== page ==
Now that I’ve explained the HOW and WHY, let’s get to the WHAT.
What activities will you provide for your students to complete at the literacy stations/Daily 5?
If your struggle is to come up with the WHAT because you want engaging, interactive activities that challenge your students and meet the standards, but you feel like your activities have become lackluster, don’t fret. To help you manage WHAT to provide at your literacy centers/Daily 5 stations, I’ve created a yearlong collection of resources. I’m breaking down just some of the January activities for you below.
Activity 1: I Can Sequence the Events In the Passage (RL.1.1, RL.1.2)
Students will read the simple passages. Then, they will put the pictures in sequential order. Finally, they will draw a picture and write what happens first, next, then, and last. You may want to read them with the entire class or at small group time before releasing students to complete them independently.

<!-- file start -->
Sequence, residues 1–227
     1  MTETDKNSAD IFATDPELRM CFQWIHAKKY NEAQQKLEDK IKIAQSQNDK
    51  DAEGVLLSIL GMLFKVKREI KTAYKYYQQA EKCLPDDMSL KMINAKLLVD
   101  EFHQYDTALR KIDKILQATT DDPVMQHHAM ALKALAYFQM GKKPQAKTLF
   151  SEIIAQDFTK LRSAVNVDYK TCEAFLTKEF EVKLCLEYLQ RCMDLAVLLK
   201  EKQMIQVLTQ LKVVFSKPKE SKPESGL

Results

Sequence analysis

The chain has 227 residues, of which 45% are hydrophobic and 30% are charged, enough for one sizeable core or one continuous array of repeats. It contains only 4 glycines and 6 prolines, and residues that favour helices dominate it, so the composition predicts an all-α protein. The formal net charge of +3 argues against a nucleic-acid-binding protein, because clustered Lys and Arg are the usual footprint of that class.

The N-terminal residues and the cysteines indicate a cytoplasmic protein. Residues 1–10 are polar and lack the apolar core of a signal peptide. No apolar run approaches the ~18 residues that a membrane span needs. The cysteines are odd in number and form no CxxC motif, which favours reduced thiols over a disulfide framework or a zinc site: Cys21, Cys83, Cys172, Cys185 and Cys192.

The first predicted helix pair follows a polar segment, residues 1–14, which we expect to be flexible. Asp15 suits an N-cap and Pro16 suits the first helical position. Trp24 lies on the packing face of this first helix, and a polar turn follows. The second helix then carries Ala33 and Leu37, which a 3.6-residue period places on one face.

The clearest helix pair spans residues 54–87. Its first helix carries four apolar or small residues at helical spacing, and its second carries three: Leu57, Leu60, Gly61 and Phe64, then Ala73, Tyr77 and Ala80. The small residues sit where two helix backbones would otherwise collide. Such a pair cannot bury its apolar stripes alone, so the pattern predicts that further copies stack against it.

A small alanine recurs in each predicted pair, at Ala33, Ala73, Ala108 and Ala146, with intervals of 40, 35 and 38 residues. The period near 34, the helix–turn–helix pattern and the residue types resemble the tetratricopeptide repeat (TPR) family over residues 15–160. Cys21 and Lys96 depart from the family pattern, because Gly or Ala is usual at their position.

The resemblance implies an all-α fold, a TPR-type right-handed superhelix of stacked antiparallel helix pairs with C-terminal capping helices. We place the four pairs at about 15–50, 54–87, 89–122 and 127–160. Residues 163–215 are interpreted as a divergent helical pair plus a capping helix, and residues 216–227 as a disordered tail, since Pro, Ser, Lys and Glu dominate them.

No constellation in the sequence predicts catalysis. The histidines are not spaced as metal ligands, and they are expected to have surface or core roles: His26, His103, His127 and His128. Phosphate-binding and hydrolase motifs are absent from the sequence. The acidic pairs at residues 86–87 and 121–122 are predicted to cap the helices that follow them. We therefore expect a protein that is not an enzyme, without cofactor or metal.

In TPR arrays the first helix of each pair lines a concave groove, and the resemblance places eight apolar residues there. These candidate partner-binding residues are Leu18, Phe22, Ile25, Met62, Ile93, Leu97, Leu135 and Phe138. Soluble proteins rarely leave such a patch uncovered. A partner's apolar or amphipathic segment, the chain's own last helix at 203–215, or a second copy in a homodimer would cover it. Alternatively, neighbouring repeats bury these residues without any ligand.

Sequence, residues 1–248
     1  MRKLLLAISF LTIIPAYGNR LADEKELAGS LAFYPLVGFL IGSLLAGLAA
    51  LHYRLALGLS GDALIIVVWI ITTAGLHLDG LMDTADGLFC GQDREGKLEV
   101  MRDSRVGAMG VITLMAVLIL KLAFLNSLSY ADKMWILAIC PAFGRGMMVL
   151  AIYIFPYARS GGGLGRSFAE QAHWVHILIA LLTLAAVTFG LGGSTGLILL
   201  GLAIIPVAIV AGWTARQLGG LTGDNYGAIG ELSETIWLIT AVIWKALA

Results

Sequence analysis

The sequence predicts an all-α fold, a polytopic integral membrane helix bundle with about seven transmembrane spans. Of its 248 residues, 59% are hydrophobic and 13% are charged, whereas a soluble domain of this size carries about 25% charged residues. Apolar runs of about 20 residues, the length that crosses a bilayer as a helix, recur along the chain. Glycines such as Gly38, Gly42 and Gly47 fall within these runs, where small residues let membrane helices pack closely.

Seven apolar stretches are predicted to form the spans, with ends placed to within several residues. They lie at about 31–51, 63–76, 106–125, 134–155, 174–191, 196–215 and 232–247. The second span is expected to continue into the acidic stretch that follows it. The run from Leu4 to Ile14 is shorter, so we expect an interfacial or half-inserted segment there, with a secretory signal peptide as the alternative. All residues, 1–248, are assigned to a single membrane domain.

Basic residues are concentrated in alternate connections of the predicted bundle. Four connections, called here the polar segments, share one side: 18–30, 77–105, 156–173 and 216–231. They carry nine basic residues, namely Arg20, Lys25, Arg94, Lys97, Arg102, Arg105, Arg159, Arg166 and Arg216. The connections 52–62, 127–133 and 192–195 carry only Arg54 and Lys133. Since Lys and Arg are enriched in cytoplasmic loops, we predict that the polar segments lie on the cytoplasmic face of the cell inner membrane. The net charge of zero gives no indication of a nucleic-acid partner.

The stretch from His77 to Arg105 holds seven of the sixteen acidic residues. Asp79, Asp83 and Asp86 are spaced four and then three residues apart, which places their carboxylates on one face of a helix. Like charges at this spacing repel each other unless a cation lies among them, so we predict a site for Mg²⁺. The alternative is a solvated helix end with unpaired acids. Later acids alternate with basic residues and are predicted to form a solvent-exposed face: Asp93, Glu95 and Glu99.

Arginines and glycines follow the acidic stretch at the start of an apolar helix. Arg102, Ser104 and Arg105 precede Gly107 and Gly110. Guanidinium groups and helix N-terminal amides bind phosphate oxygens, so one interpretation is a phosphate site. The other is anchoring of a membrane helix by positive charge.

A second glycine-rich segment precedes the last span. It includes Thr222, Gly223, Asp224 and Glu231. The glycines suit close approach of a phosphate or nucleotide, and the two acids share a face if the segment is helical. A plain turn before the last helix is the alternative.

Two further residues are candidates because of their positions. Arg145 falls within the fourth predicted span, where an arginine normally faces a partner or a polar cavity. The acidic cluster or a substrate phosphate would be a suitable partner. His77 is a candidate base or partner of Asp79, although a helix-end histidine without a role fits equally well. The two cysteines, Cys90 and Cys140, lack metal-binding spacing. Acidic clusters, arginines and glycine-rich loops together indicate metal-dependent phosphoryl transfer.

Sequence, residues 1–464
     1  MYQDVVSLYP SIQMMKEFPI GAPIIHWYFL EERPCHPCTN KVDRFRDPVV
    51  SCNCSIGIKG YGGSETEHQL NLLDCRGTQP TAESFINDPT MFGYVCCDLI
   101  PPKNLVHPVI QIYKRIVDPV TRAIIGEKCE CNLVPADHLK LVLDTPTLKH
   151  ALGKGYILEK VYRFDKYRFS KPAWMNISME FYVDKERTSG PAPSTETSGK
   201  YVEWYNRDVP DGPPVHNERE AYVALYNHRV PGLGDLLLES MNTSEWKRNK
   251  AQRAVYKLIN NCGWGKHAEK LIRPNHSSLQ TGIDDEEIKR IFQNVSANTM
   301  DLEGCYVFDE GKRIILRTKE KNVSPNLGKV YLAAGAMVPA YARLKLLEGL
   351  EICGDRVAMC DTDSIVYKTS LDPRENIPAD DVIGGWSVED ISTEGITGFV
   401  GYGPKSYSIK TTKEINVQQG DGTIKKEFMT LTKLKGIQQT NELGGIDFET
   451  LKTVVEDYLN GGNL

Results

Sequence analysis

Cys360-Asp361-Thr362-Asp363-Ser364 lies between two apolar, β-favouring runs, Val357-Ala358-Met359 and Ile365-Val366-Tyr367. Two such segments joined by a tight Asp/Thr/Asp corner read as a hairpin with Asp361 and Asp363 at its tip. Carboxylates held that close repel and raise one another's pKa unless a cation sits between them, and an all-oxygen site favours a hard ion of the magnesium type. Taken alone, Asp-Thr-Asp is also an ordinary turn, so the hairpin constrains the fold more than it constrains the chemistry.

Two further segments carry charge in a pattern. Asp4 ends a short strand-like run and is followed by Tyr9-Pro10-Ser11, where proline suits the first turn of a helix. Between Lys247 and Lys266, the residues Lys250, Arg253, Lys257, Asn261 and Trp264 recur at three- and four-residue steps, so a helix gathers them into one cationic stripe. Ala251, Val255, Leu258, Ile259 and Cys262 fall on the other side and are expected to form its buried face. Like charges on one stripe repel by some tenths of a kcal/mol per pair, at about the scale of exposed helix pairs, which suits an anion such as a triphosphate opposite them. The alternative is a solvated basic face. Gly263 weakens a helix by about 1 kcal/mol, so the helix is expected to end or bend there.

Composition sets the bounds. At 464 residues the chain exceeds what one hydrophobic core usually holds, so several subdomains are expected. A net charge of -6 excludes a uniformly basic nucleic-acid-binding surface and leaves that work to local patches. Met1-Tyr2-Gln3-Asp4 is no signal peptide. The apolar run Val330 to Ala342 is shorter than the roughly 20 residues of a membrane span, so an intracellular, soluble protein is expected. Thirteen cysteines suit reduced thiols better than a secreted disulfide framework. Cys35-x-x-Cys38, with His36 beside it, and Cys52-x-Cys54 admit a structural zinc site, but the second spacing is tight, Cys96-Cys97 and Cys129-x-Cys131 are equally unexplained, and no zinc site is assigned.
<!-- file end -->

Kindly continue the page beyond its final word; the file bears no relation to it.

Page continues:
As an extension activity, ask students to write their own “How-To.” on their recording sheet.
Activity 2: I Can Visualize the Text (RL.1.4, L.1.4)
Students will read the vivid story and then draw a detailed picture to match the story. As an extension activity, you could have students write their own detailed story with a detailed picture to match. This activity builds vocabulary, fluency, and automaticity.
Activity 3: I Can Read Poetry (RL.1.10, L.1.4, RF.1.4)
Students will read the poem multiple times to practice fluency, expression, and automaticity. Then, they will build the poem on their own.
A wonderful teacher, Tina, sent this photo of her class reading the poem aloud as a whole group before building it independently.
Activity 4: I Can Write Sentences (W.1.3, L.1.1)
Students will spin the spinner and write silly sentences using appropriate capitalization and punctuation.
Activity 5: I Can Match a Sentence (W.1.3, L1.1)
For this activity, students will match the parts of a sentence to make a complete sentence. Then, they will record their sentence on the recording sheet.
Activity 6: I Can Match a Sentence (W.1.3, L.1.1)
For this activity, students will sort complete vs. incomplete sentences. Then, they will write complete sentences on the lines using correct capitalization and punctuation.
Activity 7: I Can Match a Sentence (W.1.2, W.1.7)
For this activity, students will choose picture cards about January topics and will write a story, letter, or card about the topic (informational or opinion piece).
Activity 8: Snowy Sounds (W.1.2, W.1.7, RF1.2)